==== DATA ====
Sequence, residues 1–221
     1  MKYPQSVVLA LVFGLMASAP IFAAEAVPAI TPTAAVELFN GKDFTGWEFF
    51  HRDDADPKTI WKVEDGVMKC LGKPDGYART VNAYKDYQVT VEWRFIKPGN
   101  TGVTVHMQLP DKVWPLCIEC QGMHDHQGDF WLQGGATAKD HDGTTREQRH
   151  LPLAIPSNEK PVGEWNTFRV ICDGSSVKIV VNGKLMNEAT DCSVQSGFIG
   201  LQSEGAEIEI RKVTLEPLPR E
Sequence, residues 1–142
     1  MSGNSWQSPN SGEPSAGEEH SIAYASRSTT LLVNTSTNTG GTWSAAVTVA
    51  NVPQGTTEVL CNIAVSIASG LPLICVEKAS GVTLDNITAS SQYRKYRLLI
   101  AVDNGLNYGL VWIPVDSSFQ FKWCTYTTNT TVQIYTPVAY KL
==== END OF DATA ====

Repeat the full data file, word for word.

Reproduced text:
Sequence, residues 1–221
     1  MKYPQSVVLA LVFGLMASAP IFAAEAVPAI TPTAAVELFN GKDFTGWEFF
    51  HRDDADPKTI WKVEDGVMKC LGKPDGYART VNAYKDYQVT VEWRFIKPGN
   101  TGVTVHMQLP DKVWPLCIEC QGMHDHQGDF WLQGGATAKD HDGTTREQRH
   151  LPLAIPSNEK PVGEWNTFRV ICDGSSVKIV VNGKLMNEAT DCSVQSGFIG
   201  LQSEGAEIEI RKVTLEPLPR E
Sequence, residues 1–142
     1  MSGNSWQSPN SGEPSAGEEH SIAYASRSTT LLVNTSTNTG GTWSAAVTVA
    51  NVPQGTTEVL CNIAVSIASG LPLICVEKAS GVTLDNITAS SQYRKYRLLI
   101  AVDNGLNYGL VWIPVDSSFQ FKWCTYTTNT TVQIYTPVAY KL